Latitude 2015 Comic Drawing Workshop

A few months ago I was very kindly asked by Culture Works East to run a series of comic creation workshops at the Latitude festival 2015.

I’d be working alongside video and animation production professionals, DJ and music makers and a fully stocked fashion studio tent (which my daughter was very taken with!) – so it was hardly a surprise that I was quick to accept the invitation to join them.

Creating comics in a tent

The goal of the the workshop was that each artist should produce their own one-page comic strip by completed the following sequence of tasks:

  • Plan their story’s subject, characters and events
  • Write a script describing each panel’s pictures and words
  • Sketch and refine pencil drawings of their comic strip
  • Produce a final inked version of their comic page with text

Running a workshop at a busy open-air festival naturally brings with it issues which needed to be overcome.

As part of a busy schedule of activities meant the time frame for each workshop was very tight (around 2 hours) – and I had to work around the possibility of people dipping in and out.

I would be holding the workshop in a tent at the top of a rather steep hill so had to keep equipment down to a minimum – so everything needed to fit in a couple of boxes which could be strapped to a sack barrow!

The workshops I lead usually take a whole day, to achieve so much in such a short time frame meant I had to develop a few new processes to speed things up!

Introducing the Acme Random Story Generator

Being into comics, it should come as no surprise that I’m also no stranger to a board game, so I decided, in order to speed up the story creation process, we’d use dice to randomly generate the basic frame work of their story.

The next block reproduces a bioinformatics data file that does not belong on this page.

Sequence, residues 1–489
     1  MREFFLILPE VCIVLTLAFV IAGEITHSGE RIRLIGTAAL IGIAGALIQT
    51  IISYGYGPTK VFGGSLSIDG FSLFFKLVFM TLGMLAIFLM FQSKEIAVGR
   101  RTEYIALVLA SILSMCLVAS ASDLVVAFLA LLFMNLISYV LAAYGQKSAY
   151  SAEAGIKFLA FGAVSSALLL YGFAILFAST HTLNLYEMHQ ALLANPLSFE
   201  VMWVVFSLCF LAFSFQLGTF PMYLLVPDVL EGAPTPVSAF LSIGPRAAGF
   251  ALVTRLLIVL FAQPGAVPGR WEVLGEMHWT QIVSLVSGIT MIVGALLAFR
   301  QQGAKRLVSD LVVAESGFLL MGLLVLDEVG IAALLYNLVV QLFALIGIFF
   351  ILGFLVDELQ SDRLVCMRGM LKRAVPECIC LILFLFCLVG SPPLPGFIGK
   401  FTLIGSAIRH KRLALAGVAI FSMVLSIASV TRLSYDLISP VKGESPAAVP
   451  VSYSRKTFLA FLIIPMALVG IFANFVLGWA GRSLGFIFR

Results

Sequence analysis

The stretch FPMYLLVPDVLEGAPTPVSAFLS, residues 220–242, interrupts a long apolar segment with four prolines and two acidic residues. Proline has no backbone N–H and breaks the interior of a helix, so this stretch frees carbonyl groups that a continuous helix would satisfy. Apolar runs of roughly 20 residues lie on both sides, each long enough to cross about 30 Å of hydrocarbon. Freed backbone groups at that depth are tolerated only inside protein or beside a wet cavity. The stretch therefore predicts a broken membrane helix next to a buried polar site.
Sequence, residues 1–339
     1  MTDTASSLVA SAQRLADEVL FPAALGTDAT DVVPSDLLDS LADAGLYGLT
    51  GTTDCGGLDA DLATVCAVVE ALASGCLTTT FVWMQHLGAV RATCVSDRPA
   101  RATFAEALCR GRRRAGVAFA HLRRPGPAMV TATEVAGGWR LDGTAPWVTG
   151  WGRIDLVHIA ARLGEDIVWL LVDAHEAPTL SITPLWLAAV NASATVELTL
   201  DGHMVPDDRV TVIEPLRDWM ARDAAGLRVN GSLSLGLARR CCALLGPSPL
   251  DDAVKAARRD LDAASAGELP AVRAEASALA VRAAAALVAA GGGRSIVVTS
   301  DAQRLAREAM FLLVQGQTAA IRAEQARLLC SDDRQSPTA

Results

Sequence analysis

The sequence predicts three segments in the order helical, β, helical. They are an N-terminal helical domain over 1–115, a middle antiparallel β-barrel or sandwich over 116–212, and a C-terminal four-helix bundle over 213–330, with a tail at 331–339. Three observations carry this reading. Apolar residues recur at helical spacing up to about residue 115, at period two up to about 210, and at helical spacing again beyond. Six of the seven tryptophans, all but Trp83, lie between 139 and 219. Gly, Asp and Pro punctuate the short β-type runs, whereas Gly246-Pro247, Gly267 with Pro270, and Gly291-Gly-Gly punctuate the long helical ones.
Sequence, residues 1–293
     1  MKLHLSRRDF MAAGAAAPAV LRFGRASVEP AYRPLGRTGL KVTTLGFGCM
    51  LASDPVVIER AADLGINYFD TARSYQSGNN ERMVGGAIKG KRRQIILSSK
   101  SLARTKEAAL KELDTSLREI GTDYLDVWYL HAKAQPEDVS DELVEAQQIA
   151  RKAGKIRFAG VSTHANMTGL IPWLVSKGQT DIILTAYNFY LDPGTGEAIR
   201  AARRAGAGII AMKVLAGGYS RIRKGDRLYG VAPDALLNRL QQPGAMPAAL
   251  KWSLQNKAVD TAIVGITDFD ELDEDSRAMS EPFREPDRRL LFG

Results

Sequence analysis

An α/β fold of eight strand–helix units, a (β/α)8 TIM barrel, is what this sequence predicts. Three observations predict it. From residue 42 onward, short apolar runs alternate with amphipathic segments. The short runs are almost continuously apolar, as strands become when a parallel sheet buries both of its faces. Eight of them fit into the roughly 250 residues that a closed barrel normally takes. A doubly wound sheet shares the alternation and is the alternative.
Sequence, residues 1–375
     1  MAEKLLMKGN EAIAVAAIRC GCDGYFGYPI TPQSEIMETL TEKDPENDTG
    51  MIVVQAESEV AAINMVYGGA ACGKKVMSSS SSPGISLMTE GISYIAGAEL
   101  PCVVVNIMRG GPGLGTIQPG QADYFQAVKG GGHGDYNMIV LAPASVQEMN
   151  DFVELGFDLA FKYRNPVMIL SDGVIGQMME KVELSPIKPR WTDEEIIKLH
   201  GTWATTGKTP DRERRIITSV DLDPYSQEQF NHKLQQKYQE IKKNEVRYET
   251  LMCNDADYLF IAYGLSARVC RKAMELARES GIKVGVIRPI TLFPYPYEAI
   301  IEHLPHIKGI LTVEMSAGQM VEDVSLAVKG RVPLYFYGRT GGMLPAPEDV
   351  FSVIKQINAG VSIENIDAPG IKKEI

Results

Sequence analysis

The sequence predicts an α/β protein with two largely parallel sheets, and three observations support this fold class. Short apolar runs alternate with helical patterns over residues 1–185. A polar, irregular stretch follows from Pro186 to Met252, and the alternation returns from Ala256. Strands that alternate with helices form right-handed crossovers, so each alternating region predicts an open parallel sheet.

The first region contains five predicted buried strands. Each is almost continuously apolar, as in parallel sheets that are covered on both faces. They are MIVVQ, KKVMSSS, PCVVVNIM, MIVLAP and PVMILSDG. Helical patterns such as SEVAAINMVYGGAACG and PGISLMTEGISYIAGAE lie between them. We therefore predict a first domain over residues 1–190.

I designed a series of worksheet where, by rolling a normal 6 sided die, each artist is presented with the basic ingredients for their story:

  • Where and When the story happens
  • Who does the story feature (2 characters)
  • What Event happens to them

So, for example, you could be presented with a story which takes place in jungle (Where) at night (When), featuring a Super Hero (Person 1) and a Bus Driver (Person 2) when, suddenly, an alien invasion occurs (the Event).

Using those basic building blocks the artists can plan out the beginning, middle and end of their story, followed by a basic script describing what each panel of their comic would portray and what the characters would say.

I thought it was just me but apparently rolling a few dice makes everything more fun!

Drawing and Inking the comic

Once the script was done we started drawing – very roughly at first at A5.  Just like the Barrington Farm workshop, The initial pencil drawings were then photocopied and expanded to A4.

The expanded photocopy was taped to a drawing board, then tracing paper was taped over that.
Using a blue colouring pencil the artist was then ready to produce a drawing based on the rough sketch below the tracing paper in blue line.

The importance of the blue line is that it will be eliminated from the final picture in post production, leaving only the black ink that will be drawn over it.

The blue line version was then photocopied and inked using black pen – this final inked drawing was then scanned and saved ready for insertion in the final comic which is available to download now!

The end of a great weekend at Latitude

It was an absolute pleasure to work with people with such an avid interest in comics – sometimes it was a real struggle to stop chatting about our favourite characters and get down to the work in hand!

I‘m very grateful to Elli Chapman and Helen Stonely at Culture Works East for inviting me to join their team for this special event and look forward to doing plenty more with them in the future.

The final comic will soon be available for download at the Culture Works East website.